Four months as an immigrant

Maria Khoury ’25, a Lebanese student, discusses her immigration, her four months in Iowa, and her return to Lebanon.

Immigrating to a foreign country is one of the most difficult experiences a teenager can go through. You leave your friends, family, school and activities behind to start from scratch in a place you are unfamiliar with. Despite this, around one in thirty people now live outside of their countries of origin, with millions of these immigrants coming to the United States each year. People immigrate for many reasons, but generally, these can be divided into “push” and “pull” factors. A push factor is anything that pushes an individual to leave their country, such as a natural disaster or war. For Maria Khoury ’25, a West High student and immigrant from Beirut, Lebanon, the primary push factor was the current economic crisis.

It was super scary…I cried when they came home. My uncle’s house and his office… everything was [destroyed].”

— Maria Khoury ’25

“The situation is horrible,” remarked Khoury on the crisis in her home country. “[We would wait] every day to see [what] the value [of the currency] is. My mom would go out [to buy] meat and stuff, but then there’s no electricity, so you can’t really store anything. Prices would change every single day…It was crazy.”

To make matters worse, It was during this time of economic uncertainty that another crisis struck: The Beirut port explosion. Although no one in Khoury’s family was hurt, she didn’t know that at the time.

“My father and my brother were both in Beirut,” said Khoury, recalling the port explosion. “It was super scary…I cried when they came home. My uncle’s house and his office… everything was [destroyed].”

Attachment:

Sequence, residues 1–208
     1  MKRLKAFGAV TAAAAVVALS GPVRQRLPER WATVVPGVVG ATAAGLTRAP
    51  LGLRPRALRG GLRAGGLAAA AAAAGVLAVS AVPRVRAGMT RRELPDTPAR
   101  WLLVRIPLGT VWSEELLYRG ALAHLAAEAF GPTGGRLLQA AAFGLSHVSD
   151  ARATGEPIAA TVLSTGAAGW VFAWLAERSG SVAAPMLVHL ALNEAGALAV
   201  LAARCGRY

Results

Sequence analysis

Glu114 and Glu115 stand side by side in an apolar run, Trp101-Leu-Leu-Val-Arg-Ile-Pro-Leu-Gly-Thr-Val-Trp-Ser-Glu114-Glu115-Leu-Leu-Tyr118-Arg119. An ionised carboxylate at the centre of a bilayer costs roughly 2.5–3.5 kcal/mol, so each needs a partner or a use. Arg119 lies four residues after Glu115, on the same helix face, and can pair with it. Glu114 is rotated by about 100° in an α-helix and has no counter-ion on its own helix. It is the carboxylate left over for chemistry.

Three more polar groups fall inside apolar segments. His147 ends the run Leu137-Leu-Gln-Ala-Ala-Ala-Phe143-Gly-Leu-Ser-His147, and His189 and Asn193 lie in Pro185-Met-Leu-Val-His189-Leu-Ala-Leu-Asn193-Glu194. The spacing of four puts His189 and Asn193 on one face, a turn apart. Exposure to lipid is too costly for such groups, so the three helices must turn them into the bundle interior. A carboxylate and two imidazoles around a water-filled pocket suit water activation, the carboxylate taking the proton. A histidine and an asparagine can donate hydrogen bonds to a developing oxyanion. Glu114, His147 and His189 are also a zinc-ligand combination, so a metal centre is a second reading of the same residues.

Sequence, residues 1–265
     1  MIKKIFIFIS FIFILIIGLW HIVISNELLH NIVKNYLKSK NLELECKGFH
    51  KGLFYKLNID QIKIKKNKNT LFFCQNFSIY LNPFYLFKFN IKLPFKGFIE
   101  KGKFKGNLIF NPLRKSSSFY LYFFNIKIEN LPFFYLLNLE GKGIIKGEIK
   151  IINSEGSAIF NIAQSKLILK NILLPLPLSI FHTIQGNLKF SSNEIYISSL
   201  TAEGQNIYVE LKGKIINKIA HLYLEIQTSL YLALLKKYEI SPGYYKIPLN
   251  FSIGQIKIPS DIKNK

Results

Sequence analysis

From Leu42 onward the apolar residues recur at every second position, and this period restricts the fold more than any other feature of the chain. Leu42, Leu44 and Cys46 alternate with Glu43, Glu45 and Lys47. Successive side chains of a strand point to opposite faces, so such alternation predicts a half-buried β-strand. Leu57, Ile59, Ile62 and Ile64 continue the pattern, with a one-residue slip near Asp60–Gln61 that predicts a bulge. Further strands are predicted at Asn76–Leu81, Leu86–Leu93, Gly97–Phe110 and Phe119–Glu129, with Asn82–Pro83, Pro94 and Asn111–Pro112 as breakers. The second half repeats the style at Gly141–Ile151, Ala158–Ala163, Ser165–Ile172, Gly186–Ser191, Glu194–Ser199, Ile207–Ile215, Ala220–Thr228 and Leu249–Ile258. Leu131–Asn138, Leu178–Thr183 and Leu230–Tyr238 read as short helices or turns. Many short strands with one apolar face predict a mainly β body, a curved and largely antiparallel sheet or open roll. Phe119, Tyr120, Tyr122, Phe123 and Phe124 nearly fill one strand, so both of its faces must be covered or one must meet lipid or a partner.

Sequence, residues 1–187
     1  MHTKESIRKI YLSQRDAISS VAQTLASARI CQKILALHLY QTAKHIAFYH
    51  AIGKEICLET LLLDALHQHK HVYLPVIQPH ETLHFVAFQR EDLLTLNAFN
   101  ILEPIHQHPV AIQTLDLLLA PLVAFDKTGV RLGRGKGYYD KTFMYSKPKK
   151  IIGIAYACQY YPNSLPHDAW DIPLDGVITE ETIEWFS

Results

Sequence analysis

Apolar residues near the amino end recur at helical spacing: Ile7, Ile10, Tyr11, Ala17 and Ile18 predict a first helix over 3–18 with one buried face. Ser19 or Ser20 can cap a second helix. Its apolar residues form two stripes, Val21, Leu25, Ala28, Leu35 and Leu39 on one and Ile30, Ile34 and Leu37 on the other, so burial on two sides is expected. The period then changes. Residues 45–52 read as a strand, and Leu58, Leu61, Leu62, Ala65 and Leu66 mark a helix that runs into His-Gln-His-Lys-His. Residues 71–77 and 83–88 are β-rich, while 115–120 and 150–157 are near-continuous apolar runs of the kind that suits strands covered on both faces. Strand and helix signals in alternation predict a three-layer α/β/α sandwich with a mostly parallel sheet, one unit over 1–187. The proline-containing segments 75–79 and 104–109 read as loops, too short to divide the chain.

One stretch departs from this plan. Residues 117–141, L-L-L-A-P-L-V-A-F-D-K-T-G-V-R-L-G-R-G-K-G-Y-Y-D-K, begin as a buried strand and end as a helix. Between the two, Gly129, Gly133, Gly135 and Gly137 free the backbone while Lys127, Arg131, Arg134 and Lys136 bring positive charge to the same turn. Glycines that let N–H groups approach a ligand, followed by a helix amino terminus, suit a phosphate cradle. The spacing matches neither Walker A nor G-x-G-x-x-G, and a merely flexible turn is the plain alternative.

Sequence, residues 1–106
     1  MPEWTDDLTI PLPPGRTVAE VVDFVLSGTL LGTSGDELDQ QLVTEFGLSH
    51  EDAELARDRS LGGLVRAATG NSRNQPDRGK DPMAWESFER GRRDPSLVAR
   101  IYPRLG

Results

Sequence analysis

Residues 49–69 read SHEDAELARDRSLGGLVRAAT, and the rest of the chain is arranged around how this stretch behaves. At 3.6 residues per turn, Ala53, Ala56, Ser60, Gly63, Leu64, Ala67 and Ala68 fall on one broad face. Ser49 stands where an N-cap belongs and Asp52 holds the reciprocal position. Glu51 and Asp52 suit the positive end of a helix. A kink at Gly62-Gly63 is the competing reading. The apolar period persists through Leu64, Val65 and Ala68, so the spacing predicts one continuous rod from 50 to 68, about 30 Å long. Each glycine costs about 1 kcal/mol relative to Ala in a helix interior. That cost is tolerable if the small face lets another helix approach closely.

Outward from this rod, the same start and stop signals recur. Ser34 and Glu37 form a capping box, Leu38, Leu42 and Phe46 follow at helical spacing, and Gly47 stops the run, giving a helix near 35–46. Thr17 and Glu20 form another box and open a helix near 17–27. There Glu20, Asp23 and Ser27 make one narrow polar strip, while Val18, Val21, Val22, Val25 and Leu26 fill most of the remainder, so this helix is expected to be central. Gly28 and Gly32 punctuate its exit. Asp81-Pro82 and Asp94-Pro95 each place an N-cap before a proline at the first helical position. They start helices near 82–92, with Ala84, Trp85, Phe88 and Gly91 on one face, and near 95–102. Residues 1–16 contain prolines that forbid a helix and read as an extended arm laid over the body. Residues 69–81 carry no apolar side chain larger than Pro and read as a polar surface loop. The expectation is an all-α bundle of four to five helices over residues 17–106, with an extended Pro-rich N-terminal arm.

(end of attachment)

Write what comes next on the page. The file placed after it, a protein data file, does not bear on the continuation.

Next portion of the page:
The explosion killed at least 218 people and left an estimated 300,000 homeless. This, and the ongoing Covid-19 pandemic, further exacerbated the economic crisis. A year after the explosion, Khoury and her family made the decision to immigrate to Iowa City.  

Aftermath of the Beirut port explosion. Credit: Dreamstime

Push factors as devastating as an economic collapse, worsened by a global pandemic and a catastrophic explosion, are all obvious reasons to immigrate. But a pull factor is also necessary to determine where to relocate. A pull factor is anything that pulls an individual or family to move to a specific country or region, such as better economic prospects or familial ties to the place. The main pull factor for Khoury’s family was her father, Nabil Khoury MD, and his career roots at the University of Iowa, where he had done 6 months of residency. 

Once settled in late August, Khoury began to attend West almost immediately.

“It was really not what I expected,” said Khoury about West High. “I don’t know, but for some reason I expected it to be like in the movies.”

However, the transition to Iowa was hard on Khoury and her family, especially her older brother. 

“At first, my brother came, and then he went off to college,” said Khoury. “It was hard enough for him to come [to Iowa], then it was hard for him to go because I was very close to him.”

Although immigration can be hard on a family, Khoury felt she retained her friend group and support system. 

“Quite the contrary,” said Khoury when asked if she had lost her support system. “Because you’re not with them, but they still text you every day.”

After acclimating to life in Iowa, Khoury tried to reconnect with the extracurriculars she had pursued in Lebanon, including gymnastics and taekwondo. However, she didn’t find what she was hoping for. “When I came here, I wanted to do gymnastics because that’s what I’ve been doing for so long,” explained Khoury. “Then there wasn’t a center in Iowa [that worked for me].” 

Instead, Khoury decided to do something entirely new.

“Then I danced and I loved it,” said Khoury. “When I go back [to Lebanon], I’m going to either go do dance or continue doing gymnastics.” 

Due to personal reasons, Khoury’s family decided to return to Lebanon sooner rather than later. They left a few days before winter break, once again leaving everything behind. But on her last day at West, Khoury wasn’t too worried about the original causes for her immigration.

“Although it’s pretty bad…at least there you have your family,” said Khoury. “You have the friends that you met ten years ago. So, I mean, as bad as it can get, you still have everyone around you and your loved ones.”

On Khoury’s last day at West, she offered some parting words.

“West is a really good place and I’m grateful that I got to be at West and not another school.”